Date Thesis Awarded

5-2015

Document Type

Honors Thesis

Degree Name

Bachelors of Arts (BA)

Department

English

Advisor

Deborah Denenholz Morse

Committee Member

Suzanne Raitt

Committee Member

Kim Wheatley

Committee Member

Kathrin Levitan

Abstract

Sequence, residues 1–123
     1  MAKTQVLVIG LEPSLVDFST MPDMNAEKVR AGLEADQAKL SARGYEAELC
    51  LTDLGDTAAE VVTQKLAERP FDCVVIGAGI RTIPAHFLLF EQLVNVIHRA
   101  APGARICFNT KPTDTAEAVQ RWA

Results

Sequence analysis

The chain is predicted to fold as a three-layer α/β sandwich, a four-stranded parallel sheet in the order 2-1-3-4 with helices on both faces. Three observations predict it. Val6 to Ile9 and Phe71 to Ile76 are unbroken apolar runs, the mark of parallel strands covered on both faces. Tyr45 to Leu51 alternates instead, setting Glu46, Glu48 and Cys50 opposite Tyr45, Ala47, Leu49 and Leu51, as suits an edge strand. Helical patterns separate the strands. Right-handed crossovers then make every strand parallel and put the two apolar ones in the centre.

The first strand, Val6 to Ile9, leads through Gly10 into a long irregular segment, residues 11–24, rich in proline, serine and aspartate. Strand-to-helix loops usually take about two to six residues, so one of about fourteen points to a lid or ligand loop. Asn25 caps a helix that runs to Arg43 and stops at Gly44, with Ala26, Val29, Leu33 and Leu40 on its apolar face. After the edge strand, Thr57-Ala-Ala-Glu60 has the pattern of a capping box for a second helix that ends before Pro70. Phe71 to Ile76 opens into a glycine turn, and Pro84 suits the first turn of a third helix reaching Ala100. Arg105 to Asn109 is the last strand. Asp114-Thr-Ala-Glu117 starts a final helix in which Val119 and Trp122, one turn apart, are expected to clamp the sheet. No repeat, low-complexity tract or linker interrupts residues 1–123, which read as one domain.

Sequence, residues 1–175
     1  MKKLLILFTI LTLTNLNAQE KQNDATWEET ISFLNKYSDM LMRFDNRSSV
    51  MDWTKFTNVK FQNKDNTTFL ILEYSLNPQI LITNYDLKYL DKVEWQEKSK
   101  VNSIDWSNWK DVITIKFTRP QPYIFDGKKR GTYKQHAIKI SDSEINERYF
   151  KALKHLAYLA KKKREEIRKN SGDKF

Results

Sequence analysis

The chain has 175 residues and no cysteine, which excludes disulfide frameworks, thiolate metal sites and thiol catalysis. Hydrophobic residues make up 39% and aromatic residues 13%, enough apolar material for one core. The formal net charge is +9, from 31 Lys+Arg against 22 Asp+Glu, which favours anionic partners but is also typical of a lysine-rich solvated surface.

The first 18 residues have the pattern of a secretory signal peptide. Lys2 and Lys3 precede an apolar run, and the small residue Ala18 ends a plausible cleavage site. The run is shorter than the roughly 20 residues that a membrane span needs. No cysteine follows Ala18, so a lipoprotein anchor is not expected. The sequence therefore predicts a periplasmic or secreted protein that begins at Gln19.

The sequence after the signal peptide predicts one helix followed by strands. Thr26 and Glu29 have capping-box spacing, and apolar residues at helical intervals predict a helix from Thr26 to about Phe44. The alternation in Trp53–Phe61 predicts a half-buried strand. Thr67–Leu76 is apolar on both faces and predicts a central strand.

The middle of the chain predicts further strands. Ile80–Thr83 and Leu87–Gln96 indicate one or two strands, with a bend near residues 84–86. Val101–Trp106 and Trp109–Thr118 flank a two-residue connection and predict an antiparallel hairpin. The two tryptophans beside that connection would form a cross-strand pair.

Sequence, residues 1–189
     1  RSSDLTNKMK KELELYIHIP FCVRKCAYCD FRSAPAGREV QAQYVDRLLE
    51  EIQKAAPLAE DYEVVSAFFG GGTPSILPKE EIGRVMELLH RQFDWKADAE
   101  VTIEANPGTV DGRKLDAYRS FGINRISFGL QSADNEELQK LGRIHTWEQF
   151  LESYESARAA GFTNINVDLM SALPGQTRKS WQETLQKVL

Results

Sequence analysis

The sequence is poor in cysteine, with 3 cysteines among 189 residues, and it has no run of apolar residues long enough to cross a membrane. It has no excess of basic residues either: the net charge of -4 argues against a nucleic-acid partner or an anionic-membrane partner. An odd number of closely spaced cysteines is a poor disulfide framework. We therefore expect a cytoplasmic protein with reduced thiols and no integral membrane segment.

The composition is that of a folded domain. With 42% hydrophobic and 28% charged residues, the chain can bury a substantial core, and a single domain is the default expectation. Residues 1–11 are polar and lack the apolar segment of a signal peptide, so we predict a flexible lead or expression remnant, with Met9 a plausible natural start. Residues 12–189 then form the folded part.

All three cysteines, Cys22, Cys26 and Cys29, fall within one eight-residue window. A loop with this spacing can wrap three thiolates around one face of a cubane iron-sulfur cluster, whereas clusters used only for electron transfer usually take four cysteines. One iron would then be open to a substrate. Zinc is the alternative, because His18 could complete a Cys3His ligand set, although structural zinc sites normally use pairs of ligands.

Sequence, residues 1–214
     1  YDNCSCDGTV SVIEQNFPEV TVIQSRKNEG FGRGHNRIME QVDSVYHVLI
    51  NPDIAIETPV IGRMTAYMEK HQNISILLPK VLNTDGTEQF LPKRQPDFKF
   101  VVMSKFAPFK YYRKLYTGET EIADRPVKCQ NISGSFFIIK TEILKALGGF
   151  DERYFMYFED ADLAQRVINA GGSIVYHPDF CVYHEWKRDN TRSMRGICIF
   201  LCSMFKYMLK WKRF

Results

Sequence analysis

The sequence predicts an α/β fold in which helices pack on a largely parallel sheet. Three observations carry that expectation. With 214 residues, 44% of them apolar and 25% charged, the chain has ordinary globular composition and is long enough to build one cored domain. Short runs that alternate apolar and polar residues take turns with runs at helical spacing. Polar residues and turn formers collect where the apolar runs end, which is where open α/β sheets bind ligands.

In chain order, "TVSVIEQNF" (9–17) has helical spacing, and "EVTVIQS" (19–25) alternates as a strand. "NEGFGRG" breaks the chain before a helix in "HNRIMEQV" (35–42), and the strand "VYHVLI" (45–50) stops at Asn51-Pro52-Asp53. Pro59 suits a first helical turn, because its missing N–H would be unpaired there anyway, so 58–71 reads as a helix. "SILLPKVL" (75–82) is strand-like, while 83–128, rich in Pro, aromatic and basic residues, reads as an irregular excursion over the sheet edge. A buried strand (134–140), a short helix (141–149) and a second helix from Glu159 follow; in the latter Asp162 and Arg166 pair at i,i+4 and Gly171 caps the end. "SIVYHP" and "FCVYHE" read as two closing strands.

In several Victorian novels, a character becomes incapacitated—and bedridden—for a period of time due to an elusive ailment known as brain fever; these mental alterations usually occur in female characters after an unexpected event or a stress-ridden situation. However, the sources of and meanings behind these fits of brain fever are limited to generic descriptions (if the author provides any explanation at all). This apparently intentional absence of information suggests that the illnesses act as symbols, alluding to or attempting to understand relevant social issues of the time. Through an in-depth study of Elizabeth Gaskell’s Mary Barton (1848), Emily Brontë’s Wuthering Heights (1847), Anthony Trollope’s Lady Anna (1874), and Charles Dickens’ Little Dorrit (1857), I seek to uncover the motivations behind authors’ incorporation of brain fever into their works, identify the causes of brain fever in the characters’ lives, and analyze the lives of the inflicted characters—post-recovery.